The “Venta Maersk,” a new, 3600-container, ice-classed vessel operated by the Danish group A.P. Moller-Maersk, the world’s biggest shipping group, has successfully completed its new trial voyage through the Russian Arctic.
It is the latest step in the expansion of the Northern Sea Route which is becoming more accessible to ships as climate change reduces the amount of sea ice.
Melting ice opening up new trade routes from Europe to East Asia are being seen as a development that could tilt the balance of global trade.
It is also considered as a ground-breaking move that could negate the U.S.’s hegemony in international waters.
The special-designed Danish-flagged vessel, carrying a cargo of Russian frozen fish and South Korean electronics arrived in St. Petersburg, the Russian port city located on the Baltic Sea on Friday, after leaving Russia’s Pacific port city of Vladivostok on Aug. 22.
The trip took only 37 days, which was normally 10 to 15 days longer, including stops in Vostochny Stevedoring Company and Busan.
The trial “shortcut” trade route is significantly briefer than one south through the Suez Canal.
According to experts, this new Northern Sea Route could reduce the travel distance from East Asia to Europe from the 21,000 kilometers it takes to go via the Egypt’s Suez Canal to 12,800 kilometers.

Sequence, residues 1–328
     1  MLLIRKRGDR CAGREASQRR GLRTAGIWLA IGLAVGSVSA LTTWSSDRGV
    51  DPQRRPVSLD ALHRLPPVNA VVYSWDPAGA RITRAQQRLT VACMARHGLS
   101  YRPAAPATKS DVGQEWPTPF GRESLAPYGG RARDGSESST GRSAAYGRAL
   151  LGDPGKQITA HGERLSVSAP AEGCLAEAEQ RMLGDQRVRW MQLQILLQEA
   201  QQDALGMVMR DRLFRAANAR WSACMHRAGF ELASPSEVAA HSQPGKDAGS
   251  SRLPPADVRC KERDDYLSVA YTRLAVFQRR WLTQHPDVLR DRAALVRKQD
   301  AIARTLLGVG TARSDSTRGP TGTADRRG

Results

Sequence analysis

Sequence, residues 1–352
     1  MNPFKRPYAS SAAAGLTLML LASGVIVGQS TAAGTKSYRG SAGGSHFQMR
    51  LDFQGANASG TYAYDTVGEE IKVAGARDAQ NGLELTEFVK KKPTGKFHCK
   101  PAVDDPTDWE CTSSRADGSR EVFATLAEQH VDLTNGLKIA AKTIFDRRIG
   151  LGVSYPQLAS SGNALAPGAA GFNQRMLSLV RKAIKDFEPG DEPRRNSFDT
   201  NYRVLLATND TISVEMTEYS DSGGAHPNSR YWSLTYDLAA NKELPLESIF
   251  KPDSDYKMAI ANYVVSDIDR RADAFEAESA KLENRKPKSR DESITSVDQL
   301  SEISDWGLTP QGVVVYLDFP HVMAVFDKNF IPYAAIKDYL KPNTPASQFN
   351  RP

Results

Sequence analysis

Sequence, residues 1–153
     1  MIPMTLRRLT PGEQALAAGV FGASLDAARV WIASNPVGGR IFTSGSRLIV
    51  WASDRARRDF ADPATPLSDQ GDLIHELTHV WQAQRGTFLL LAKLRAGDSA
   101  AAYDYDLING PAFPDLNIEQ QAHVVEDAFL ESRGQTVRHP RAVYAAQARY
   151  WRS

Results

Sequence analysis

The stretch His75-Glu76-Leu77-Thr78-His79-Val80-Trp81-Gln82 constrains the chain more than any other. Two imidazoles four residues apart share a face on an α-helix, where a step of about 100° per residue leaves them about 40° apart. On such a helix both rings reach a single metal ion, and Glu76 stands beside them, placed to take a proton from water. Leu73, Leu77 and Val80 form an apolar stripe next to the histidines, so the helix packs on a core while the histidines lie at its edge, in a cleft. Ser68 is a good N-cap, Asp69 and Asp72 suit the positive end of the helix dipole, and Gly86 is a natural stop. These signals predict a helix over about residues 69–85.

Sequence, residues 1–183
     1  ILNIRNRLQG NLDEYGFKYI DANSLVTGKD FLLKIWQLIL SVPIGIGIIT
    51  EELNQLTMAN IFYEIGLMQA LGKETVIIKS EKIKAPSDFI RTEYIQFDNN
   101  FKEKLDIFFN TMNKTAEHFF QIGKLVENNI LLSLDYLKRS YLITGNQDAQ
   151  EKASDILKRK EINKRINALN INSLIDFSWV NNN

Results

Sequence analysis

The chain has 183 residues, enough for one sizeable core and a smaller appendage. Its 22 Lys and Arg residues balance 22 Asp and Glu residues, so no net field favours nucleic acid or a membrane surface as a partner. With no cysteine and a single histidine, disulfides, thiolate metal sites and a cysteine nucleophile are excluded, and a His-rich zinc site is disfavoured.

Shipping is the lifeline of the global economy because around 90 percent of world trade is today carried out by sea roads.
This is why the new route, which created a new strategic link between Russia, China and Europe, is being evaluated as an attempt to change the balance of global trade.
The route could bypass maritime highways controlled by the U.S. navy and bases such as the Gibraltar, Suez Canal, Red Sea, Bab-el-Mandeb and the South China Sea.
It could also become an alternative to the Atlantic-Pacific transition of the U.S.-controlled Canadian Northwestern Passage.
The passage is currently only feasible for around three months a year, however this may change in the future.